Material and Methods

The experiment was conducted in a greenhouse located at 889 m altitude at 21°06′S, 44°15′W. The local climate corresponds to the Cwa group (according to the Köppen classification system), characterized by temperate clime with a humid summer and dry winter (Alvarez et al., 2013). The annual average air temperature is 19.2 °C, with an average minimum of 13.7 °C and an average maximum of 21.6 °C (Brasil, 1969). The soil of the experimental area was originally classified as Ta Eutroferric Haplic Cambisol (Embrapa, 2006).

Physicochemical analysis was initially performed with soil collected at depths of 0-20 cm and 20-40 cm. The soil had a clay texture and a pH of 5.7 (0-20 cm) and 5.4 (20-40 cm). The base saturation (V%) was 37.1% (0-20 cm) and 23.8 (20-40 cm), and the organic matter content was 1.3 dag kg−1 (0-20 cm) and 1.1 dag kg−1 (20-40 cm). After interpreting the analysis, liming was performed 60 days before transplanting the seedlings by applying dolomitic limestone with 95% of effective calcium carbonate equivalent (ECC) to increase base saturation to 70% (Gonçalves et al., 1999).

‘Carola’ rose seedlings were produced by budding, and when they reached an average height of 40 cm, they were transplanted into 0.15 m high soil beds, with a spacing of 0.20 m between plants and 1.2 m between lines. After 3 months of cultivation, treatments were applied, and plants were managed in a similar way in all the experimental plots in this initial period.

It was evaluated 8 treatments comprising 4 doses of chemical fertilization: 25%, 50%, 75%, and 100% of the fertilization recommended for rose bushes (Gonçalves et al., 1999), with or without calopo (Calopogonium mucunoides) cultivated together with rose bushes. The calopo was sown between the planting lines 3 months after the rose bushes were planted, at a distance of 0.5 m from each plant. Pruning was performed every 3 months, and the fresh plant material was left on the soil in the planting lines of the rose bushes, corresponding to an average supply of 480 g of fresh mass (116 g of dry mass) per m2. A chemical analysis of calopo leaves revealed macro and micronutrient concentrations (g kg−1) of: 30.8 N, 3.0 P, 21.2 K, 11.3 Ca, 2.9 Mg, and 2.7 S; and (mg kg−1): 42.7 B, 11.3 Cu, 51.3 Mn, 51.5 Zn, and 313.9 Fe, respectively.

Treatments that did not include complete chemical fertilization (100%) were supplemented with 2 types of biofertilizers applied monthly: Bokashi-Nutri Bokashi® (16 g/plant, as soil fertilization) and foliar feeding biofertilizer (Venzon et al., 2006) at 5%, as leaf fertilization. Plants with complete chemical fertilization (100%) were supplemented with the following (per ha): 80 kg of N, 300 kg of P2O5, and 240 kg of K2O during planting; and 60 kg of N, 35 kg of P2O5, and 60 kg of K2O every 30 days. All treatments were supplemented with 100 t/ha of manure during planting, and this process was repeated every 3 months.

Crop management as irrigation, pest, disease and weed control, was standardized, considering the basic components of Integrated Fruit Production (Fraguas et al., 2001), since there was no information available for Integrated Production of flowers.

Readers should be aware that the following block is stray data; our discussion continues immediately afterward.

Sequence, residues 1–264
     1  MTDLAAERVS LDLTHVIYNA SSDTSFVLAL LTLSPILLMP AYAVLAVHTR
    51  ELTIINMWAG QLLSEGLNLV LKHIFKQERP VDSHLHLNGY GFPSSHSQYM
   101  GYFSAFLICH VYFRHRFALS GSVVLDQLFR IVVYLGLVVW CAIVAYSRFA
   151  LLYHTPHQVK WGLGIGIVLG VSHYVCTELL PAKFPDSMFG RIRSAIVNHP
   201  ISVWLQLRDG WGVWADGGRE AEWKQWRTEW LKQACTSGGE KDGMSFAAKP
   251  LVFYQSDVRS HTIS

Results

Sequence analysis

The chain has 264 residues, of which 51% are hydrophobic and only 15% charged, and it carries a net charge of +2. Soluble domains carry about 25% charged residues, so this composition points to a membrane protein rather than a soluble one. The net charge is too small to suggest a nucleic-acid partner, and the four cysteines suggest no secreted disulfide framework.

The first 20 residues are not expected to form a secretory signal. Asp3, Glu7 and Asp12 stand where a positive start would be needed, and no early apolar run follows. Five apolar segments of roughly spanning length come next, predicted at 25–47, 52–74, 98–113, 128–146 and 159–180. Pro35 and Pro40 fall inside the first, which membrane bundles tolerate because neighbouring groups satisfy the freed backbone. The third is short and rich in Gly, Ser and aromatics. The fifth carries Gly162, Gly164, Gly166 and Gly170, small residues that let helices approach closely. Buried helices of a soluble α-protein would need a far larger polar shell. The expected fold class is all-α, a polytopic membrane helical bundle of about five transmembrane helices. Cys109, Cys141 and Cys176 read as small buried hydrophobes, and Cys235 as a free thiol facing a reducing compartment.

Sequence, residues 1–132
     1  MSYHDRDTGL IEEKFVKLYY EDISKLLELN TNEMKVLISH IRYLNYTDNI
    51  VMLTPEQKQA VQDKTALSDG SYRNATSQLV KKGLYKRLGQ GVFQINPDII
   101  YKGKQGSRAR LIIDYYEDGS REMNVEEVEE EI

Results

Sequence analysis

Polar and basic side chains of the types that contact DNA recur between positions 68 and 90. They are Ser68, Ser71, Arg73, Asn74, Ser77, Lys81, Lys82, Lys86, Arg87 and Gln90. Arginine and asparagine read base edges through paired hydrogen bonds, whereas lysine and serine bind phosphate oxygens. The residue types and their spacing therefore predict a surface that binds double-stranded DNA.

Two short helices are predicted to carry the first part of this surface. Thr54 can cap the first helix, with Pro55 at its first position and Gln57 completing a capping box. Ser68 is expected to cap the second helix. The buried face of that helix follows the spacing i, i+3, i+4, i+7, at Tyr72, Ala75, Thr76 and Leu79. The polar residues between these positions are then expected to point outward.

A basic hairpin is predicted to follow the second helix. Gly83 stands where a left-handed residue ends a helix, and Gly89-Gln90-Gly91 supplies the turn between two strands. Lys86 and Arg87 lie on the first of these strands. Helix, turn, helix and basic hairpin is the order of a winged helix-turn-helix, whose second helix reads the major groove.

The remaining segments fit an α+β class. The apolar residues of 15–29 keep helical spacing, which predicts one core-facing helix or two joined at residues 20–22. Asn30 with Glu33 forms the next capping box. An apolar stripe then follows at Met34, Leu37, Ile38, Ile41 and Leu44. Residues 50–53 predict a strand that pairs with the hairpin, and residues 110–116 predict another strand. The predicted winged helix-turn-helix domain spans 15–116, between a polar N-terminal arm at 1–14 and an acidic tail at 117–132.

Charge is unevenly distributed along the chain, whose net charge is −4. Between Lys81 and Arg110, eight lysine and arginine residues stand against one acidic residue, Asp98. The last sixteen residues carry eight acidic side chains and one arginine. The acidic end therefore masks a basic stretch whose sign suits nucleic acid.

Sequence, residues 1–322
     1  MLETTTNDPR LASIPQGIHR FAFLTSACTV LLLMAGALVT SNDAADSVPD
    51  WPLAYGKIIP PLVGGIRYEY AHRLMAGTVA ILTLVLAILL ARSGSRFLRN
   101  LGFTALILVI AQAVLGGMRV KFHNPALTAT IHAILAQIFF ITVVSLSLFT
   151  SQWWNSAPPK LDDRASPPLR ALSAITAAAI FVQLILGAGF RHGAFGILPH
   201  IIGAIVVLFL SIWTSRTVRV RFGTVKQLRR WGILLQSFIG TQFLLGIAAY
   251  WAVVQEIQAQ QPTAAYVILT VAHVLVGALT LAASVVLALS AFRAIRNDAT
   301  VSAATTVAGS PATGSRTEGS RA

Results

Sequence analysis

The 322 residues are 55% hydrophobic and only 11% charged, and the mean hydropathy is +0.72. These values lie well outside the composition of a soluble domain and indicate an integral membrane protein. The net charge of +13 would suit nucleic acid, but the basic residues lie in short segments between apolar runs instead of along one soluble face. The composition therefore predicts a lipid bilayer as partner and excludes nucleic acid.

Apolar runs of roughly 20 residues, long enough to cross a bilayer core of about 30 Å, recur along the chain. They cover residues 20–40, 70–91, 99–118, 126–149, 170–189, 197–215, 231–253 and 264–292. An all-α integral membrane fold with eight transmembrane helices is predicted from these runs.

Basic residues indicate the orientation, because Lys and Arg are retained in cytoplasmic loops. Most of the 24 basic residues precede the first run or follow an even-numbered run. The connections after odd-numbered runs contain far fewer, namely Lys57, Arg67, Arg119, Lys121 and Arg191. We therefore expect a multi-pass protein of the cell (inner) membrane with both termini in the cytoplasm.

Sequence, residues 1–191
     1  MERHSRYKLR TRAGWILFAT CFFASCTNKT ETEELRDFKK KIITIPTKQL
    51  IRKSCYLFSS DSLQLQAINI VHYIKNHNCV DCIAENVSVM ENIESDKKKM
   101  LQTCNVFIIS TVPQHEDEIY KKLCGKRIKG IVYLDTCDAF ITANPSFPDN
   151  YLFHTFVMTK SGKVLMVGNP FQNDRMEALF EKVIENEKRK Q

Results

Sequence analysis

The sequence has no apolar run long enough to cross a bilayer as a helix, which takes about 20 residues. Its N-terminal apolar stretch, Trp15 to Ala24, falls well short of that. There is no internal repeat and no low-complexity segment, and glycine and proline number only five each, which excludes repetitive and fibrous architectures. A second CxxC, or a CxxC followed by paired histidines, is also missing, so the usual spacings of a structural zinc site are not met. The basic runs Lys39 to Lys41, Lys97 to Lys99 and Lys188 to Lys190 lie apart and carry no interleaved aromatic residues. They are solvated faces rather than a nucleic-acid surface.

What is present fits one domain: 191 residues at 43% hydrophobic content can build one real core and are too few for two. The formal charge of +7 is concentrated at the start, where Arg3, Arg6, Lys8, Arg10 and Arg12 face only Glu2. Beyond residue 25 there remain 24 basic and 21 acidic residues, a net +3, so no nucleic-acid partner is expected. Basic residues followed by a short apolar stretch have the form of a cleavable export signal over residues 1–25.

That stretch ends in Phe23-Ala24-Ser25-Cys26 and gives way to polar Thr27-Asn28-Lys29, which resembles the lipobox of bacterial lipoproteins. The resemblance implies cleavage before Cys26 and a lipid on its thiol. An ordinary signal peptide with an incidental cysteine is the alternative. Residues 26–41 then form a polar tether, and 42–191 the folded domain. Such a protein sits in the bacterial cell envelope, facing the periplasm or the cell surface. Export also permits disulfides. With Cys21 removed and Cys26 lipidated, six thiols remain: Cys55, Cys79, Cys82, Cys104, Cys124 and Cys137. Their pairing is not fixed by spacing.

It was a randomized block design experiment with spatially subdivided plots. Green fertilization was used in the plots to facilitate the management of the rose bushes, and the subplots corresponded to the different doses of chemical fertilization. The 3.0 m2 plots comprised 3 lines with 6 plants, totaling 18 plants per plot and 4 repetitions, with 6 plants being used as useful area.

The number of stems per plant was determined from harvests performed three times a week during a cultivation year, as well as their length from the base to the apex; flower bud length; base of stalk and bud diameters; and fresh mass of leaves, stems, and flower buds. Subsequently, the flower stems were washed in drinking water and distilled water, placed in paper bags, and dried in an oven with an air circulation and renewal system at 65°C until a constant weight was reached, to determine the dry mass and for chemical analysis (Malavolta et al., 1997). For soil analysis, samples were removed according to the different treatments tested, a year after these were applied.

The data obtained were subjected to analysis of variance, and the significant results of the F test (P < 0.05) were subjected to a Tukey test at a probability of 1% and 5% (for the qualitative variables) and to polynomial regression analysis (for quantitative variables) using the software Sisvar. When significant difference occurred, the regression equations was adjusted based on the greater determination coefficient values (R2) obtained (Ferreira, 2011).

Results and Discussion

Productivity and growth parameters

There was no interaction between the factors tested for the growth parameters under study. Moreover, there were no differences among the different percentages of chemical fertilization when this factor was analyzed separately.

It was verified that doses of mineral fertilization lower than the level traditionally recommended, when supplemented with organic fertilization, did not affect productivity or the total dry mass of the flower stems. Organic fertilization combined with the lowest mineral fertilization percentage (25%) gave similar results to 100% chemical fertilization. The plants cultivated in an integrated production system produced an average of 7.56 flower stems/year, regardless of the levels of mineral fertilization supplied. Similar results were observed under a conventional production system of ‘Kardianal’ rose bush (Oki et al., 2001).

The ‘Carola’ rose bushes produced quality flower stems using the integrated production system with a decrease in chemical fertilization. Regardless of the treatment, all the flower stems harvested met the standards required for cut roses (Veiling, 2019), showing a flower stem length in the 60 and 70 classes, and a flower bud length classified as big, being considered of excellent quality. Therefore, we may infer that it is possible to manage the ‘Carola’ rose bush crop and ensure productivity during a year using less chemical fertilizer when supplemented with organic fertilization. Linares-Gabriel et al, (2019), also identified that heliconia (Heliconia stricta Dwarf Jamaican) respond positively to low doses of fertilization.